The information on the grave marker pointed to this being the burial location of my 4GGrandmother Smiley, the wife of my 4GGrandfather Thomas Smiley.  Thomas Smiley had died in 1832 so it was possible that Nancy Tucker Smiley had moved from Pennsylvania to live in Ohio.  But did she, and if so when?  Where?  And why?

It took looking for information about all of Thomas and Nancy Smiley's children to come up with a possible answer.  Ancestry.com had a digitized copy of one of those interesting community history books, Pioneer and Patriot Families of Bradford County, Pennsylvania, 1770-1800.(1)  Included in the brief biographical sketches was one for Thomas and Nancy Smiley which listed the names, birth dates, some death dates, and marriage information for their eight children.  According to the book, son David Smiley "removed to Ohio".

The 1850 census listed a David Smiley living in Norwich, Franklin County, Ohio, but there was no mention of Nancy Smiley living with his family.  Instead Nancy was listing as living in Norwich, Franklin County, Ohio but with her daughter Harriet Smiley Laird, Harriet's husband, and their seven children.  At least, Nancy being buried in Franklin County, Ohio had started to make some sense.

Exhibit B:  findagrave.com had one more memorial for a Nancy Smiley, death date 1856, this one in a Pennsylvania cemetery.  The Pennsylvania memorial indicated a burial at White Deer Baptist Church in Allenwood, Union County, Pennsylvania.  White Deer Baptist Church just happened to be the church where Thomas Smiley had been the minister for a number of years.  In addition, the grave marker for Thomas Smiley, or "Elder Thomas Smiley" as inscribed on his marker, is located in the White Deer Baptist Church Cemetery.  The marker for Nancy is inscribed "Nancy, wife of Elder Thomas Smiley, died Nov 30, 1856, aged 95 years".


Grave marker, "Nancy Tucker Smiley"
photo by  miranda, findagrave memorial #36898736, 

Two grave markers in two different cemeteries in two different states with essentially the same inscription.  Surely, one is just a memorial marker while the other actually marks Nancy's grave.  But which?

The White Deer Baptist Church still is an active church in Allenwood, Pennsylvania, celebrating its bicentennial in 2008.  An article in the Williamsport Sun Gazette told of plans to celebrate the historic event, but there was no mention of anyone placing a memorial stone in the cemetery in memory of Nancy Smiley, wife of the founding pastor.  Nor was there mention of a memorial stone in details of their White Deer Baptist Church Cemetery tour.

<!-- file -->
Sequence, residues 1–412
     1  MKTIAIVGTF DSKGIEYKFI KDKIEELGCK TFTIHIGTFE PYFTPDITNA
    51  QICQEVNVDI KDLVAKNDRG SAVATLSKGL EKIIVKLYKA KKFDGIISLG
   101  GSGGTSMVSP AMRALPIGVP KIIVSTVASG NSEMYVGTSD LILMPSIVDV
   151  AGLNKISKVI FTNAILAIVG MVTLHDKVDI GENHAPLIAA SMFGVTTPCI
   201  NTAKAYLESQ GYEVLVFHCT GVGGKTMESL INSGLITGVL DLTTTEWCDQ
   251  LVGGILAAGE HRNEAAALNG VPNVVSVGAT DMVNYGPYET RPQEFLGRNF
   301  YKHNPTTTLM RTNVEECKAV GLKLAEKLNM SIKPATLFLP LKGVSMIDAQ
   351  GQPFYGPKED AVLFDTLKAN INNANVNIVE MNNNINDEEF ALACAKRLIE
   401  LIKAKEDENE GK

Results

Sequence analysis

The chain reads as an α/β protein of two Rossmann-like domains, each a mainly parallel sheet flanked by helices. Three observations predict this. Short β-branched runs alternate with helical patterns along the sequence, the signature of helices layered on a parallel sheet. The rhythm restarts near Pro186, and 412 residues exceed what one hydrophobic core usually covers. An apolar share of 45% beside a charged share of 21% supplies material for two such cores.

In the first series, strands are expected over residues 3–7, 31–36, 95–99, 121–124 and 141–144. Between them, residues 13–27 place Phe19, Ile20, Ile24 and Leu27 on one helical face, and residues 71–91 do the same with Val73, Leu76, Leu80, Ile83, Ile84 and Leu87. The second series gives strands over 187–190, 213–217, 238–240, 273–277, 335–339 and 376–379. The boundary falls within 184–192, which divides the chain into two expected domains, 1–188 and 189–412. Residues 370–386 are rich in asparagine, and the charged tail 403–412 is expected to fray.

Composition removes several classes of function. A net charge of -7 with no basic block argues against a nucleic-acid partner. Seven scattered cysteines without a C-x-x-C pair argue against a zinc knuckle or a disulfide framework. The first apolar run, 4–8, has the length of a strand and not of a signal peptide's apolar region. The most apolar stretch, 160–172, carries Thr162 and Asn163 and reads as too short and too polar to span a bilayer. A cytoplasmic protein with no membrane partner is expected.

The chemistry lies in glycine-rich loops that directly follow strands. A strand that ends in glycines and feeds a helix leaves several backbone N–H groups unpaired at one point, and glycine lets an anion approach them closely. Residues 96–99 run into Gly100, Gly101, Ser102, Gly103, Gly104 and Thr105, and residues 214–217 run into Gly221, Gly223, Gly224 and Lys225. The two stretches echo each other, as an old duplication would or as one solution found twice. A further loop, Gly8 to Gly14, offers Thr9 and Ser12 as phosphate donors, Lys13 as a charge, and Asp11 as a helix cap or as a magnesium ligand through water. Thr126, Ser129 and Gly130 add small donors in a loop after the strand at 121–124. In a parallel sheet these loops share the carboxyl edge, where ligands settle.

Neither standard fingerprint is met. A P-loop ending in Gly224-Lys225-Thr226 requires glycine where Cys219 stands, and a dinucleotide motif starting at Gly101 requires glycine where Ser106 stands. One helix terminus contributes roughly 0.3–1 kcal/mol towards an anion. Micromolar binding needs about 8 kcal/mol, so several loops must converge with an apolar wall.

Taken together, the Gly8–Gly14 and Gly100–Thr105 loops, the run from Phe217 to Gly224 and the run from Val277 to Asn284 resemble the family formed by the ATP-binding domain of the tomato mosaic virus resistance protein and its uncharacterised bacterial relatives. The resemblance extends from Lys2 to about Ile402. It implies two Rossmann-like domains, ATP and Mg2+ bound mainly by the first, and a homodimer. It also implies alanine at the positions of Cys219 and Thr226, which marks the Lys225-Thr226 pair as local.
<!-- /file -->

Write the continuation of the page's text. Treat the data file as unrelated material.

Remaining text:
There are several plausible explanations for Nancy's two grave markers.  Perhaps after her death in Ohio, she was buried in Ohio but her remains were later moved to Pennsylvania.  Or maybe the Pennsylvania marker was added at a later date near that of her husband's grave marker as a memorial to this early husband and wife.  Or possibly someone (family, the church perhaps) added the Pennsylvania marker at a later date, thinking that Nancy had been buried there in an unmarked grave.  I'm sure there are other suppositions that haven't crossed my mind yet.

So for now, Nancy Tucker Smiley's actual final resting place remains a mystery.  Until I actually know the burial site, I'll have to contend with having two different Burial "facts" listed for Nancy Tucker Smiley in Family Tree Maker.  Maybe I should just call them Burial "possibilities".

(1)  Heverly, Clement Ferdinand.  Pioneer and Patriot Families of Bradford County, Pennsylvania, 1770-1800, Towanda, PA : Bradford Star Print, 1913-1915; accessed www.ancestry.com

Wednesday, April 2, 2014

Workday Wednesday: Thomas Smiley, Missionary and Minister

White Deer Batist Church, Allenwood, Pennsylvania
photo by Miranda, findagrave.com

When I  last posted about my 4GGrandfather, Thomas Smiley, he had suffered the indignity of being tarred and feathered by those opposed to his peace efforts during the Yankee-Pennamite Wars in Pennsylvania.  At the time of that event, Thomas was the minister of the Chemung Baptist Church on Towanda Creek in eastern Pennsylvania.(1)  To learn what happened to Thomas and his family after they left the Towanda Creek area, I ended up finding a lot of information in books of Baptist church history.  And once again, HathiTrust provided the access to this type of historical information.